A value is defined as ‘The moral principle or accepted standard of a person or group.’ The definition of a moral is ‘The distinction between good and bad or right and wrong behaviour.’
Values are who we are. Not who we would like to be. Not who we think we should be. Who I am in my life, who we are in our lives, right now. Another way to put it is that values represent our unique and individual essence, our ultimate and most fulfilling form of expressing and relating. Our values serve as a compass pointing out what it means to be true to oneself. When we honour our values on a regular and consistent basis life is good, life is fulfilling.
Our mind-set comprises of internal filters, our upbringing, the environment we are in and significant emotional events, and all this happened so long ago it becomes forgotten and hidden.
Having a mind-set doesn’t allow for change or an expansion or challenging of our values and beliefs. How can we or our clients expect more from our lives if we keep doing what we have always thought, particularly when so much of our indoctrination has been passed down through generations and may no longer serve us or valuable for the time period in which we now live?
Values are what matter to us; what’s important, what we focus on, they make us take action (or not take action) – they are part of our motivation. Values drive an individual’s choices and decisions. They attract or repulse us to an activity or goal and determine the actions we will take.
Take a look at how you spend your time that will give you a good starting point to identifying your core values.
Values may be instilled through pain and pleasure throughout our formative years’ initially through our parents and our carers, and later by our peers, friends, teachers and educators, religion, culture, employers, partners and society. They shape your life based on what you want most, and what you fear most, values often pull us in different directions. You’ll hear it in the client’s language in the form of “part of me wants………….., whereas the part of me wants “………….
Our values (though they can and do change) are programmed early, and rarely are a grand design, so if we don’t know what they are, when goal setting they can ‘pull us apart’ and cause us to procrastinate, verbally beat ourselves up or set goals that aren’t good for us or our well-being.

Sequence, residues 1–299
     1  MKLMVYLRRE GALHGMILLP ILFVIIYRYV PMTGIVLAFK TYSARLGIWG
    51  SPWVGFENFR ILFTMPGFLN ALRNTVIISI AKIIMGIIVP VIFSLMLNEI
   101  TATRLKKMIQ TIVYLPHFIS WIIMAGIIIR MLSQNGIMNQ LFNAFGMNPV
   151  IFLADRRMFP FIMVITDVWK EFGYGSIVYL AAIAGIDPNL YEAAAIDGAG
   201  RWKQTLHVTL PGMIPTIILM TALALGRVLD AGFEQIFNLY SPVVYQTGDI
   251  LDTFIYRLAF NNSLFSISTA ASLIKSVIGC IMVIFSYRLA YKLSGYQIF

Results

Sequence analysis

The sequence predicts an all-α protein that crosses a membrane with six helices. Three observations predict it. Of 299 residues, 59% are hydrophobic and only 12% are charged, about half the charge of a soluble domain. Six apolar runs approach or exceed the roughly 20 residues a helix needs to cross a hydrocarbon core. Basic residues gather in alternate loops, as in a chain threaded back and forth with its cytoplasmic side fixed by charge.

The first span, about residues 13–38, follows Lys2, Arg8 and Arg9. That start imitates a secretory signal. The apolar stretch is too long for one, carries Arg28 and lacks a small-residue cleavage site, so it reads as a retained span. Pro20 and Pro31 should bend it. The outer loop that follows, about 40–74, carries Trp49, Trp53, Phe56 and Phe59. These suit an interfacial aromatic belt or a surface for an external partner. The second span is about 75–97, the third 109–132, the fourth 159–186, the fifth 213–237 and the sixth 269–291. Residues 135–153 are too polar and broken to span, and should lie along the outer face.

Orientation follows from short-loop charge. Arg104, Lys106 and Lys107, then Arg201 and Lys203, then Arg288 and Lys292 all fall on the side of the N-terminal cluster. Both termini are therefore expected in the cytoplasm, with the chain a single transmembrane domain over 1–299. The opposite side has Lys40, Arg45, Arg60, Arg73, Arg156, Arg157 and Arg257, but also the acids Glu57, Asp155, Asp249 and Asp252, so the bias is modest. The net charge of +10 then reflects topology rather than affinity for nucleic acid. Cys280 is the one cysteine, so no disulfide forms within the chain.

Values may also come about because of unconscious decisions we make at different ages based on experiences and what we are rewarded or punished for, as well as significant emotional events, at all stages of our lives. (just think about having a child affects what matters to people!).
We are going to identify and recognise Values by way of single abstract word or label we give to emotional states or feelings.
Move toward value examples are: integrity, freedom, security, adventure, love, fun, respect, trust, enjoyment.
What others can you think of?
Move away examples are: boredom, rejection, sadness, depression, frustration, anger.
What others can you think of?
Each of us has a different hierarchy of values and as such our values determine how we choose to spend our time. For example, if adventure is our driver we may find ourselves taking risks that others would find scary or unnecessary, whereas if security is more important to us, we will spend our time and energy on ensuring the goal we set make us feel safe and secure, risk may not be part of our strategy or goal plan.
Can you imagine how different two individuals live would be if one was driven by adventure and the other was driven by security? Can you see how their choice, goals, actions may be very different? And as such, they will achieve different outcomes?
If you know your number one value, you can generally predict the overall basic direction of your life.
It’s important to remember that two people can share the same values (i.e., security) but have different meanings for it. That is why we are calling them abstract labels,
So never assume you know what someone means when they share their values with you.